Co-founder and CEO of Choco Up , one of Asia's leading revenue-based financing and growth platforms.
The past decade has seen an e-commerce boom. With seismic shifts toward online shopping and the widespread adoption of digital payments, equipping oneself with online payment processing capabilities is no longer an option. It has become a necessity.
This article is a starter guide for readers who want to learn about online payment gateways. For those who need some help with choosing a payment gateway for your online business, I have some tips for you, too.
What An Online Payment Gateway Is
A payment gateway refers to the front-end technology that reads and transmits payment information from customers for processing. When used online, it's a cloud-based software, and you can think of it as the virtual equivalent of a card reader.
An online payment gateway is essential for any business with a digital storefront. Without one, you'll lack the mechanism to connect with customers in online transactions.
Types Of Online Payment Gateways
Online payment gateways can be grouped into three major categories: hosted, self-hosted and API-hosted.
1. Hosted Payment Gateway
A hosted payment gateway directs customers away from your website's checkout page to the payment service provider's (PSP) page. This is where customers enter their payment details. After that, they'll be redirected back to your site to complete the purchase.
2. Self-Hosted Payment Gateway
Using a self-hosted payment gateway means that customers' payment information will be collected on your site. The information is then sent, sometimes in a specific format, to the URL of a third-party payment gateway for authorization. This type of payment gateway gives you greater control over the purchase experience, enabling a faster checkout process at the same time. Yet, a drawback is that it doesn't come with a technical support team to solve issues for you.
3. API-Hosted Payment Gateway
With an API-hosted payment gateway, customers enter their payment details on your website's checkout page. Payments are then processed on your site using an API (application programming interface) or HTTPS queries. While an API-hosted payment gateway provides you with full customizability over the online payment experience, you'll also be responsible for security, such as SSL certification and PCI compliance .
How To Choose An Online Payment Gateway
Before you pick an online payment gateway for your business, there are some important considerations you must take into account. Below are seven of them.
Whether you choose a hosted, self-hosted or API-hosted payment gateway is a matter of preference. In the decision-making process, however, be sure to weigh in considerations like customers' checkout experience, security requirements and the availability of technical support.
When sizing up your options for a business solution, it's natural that you consider its cost. With online payment gateways, things could get tricky. Many payment gateway providers have tiered pricing structures, charging different fees based on the transaction volume of your business. Hence, before settling on a particular payment gateway provider, it'd be wise to think through how you'll grow and scale your business in the future.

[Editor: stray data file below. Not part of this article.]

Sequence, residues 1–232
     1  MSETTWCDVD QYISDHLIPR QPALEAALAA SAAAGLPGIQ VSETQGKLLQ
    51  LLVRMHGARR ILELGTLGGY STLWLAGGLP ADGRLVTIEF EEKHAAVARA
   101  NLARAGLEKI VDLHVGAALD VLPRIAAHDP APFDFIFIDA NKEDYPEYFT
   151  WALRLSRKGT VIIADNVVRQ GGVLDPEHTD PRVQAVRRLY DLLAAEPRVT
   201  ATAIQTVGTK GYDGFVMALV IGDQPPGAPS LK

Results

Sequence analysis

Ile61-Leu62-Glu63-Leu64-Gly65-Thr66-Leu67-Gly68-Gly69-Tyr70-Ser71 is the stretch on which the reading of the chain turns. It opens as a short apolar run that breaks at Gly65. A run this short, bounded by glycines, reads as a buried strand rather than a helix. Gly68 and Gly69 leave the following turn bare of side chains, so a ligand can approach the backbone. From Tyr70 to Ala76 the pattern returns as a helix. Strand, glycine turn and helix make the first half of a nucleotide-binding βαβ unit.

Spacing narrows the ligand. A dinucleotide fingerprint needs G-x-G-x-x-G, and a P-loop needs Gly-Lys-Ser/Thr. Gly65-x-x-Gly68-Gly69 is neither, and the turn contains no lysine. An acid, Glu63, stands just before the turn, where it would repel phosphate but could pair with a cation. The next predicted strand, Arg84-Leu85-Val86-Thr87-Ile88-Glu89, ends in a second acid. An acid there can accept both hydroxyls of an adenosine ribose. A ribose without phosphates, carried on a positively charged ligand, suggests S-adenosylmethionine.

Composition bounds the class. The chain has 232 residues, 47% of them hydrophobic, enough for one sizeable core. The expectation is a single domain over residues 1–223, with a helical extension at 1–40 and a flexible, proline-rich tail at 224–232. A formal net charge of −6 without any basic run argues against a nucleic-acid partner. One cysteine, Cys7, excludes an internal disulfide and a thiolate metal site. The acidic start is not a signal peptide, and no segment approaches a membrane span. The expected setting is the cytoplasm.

An online payment gateway handles payment data—some of the most private and sensitive information of your customers. Choosing a secure payment gateway, therefore, is a key imperative to help keep data safe and avoid reputational damage to your business. For starters, compliance with PCI standards is essential for any business that accepts credit card payments. You should also be looking for a payment gateway that uses encryption or tokenization to protect customers' data. Real-time fraud detection is a desirable feature, too.
4. Customer Needs
A lack of variety in payment methods could be a conversion killer, as evident from research findings that 42% of consumers would quit the checkout process when their desired payment option wasn't available. In view of this, it's crucial that your payment gateway supports the payment methods commonly used by customers in your niche.
5. Customer Support
Contacting customer service representatives could be a frustratingly difficult process, and you wouldn't want that when payment processing—and your company's revenue—hangs in the balance. My advice? Look for payment gateway providers with quality customer support.
If you're a digital merchant, you might consider using a payment gateway that easily integrates with the e-commerce platform you're using. Integration with other business tools, such as accounting software, is also a plus.
7. International Capabilities
Many e-commerce businesses start local and go global to pursue further growth. If cross-border expansion is on your business road map, you'd better be prepared for multi-currency payments and look for an online payment gateway with that capability.
Some Last Words
There are numerous online payment gateways provided by different companies, but finding the ideal solution isn't an easy task. If you're new to the world of online payment processing, remember the seven considerations discussed in this article—they should be enough to get you started.
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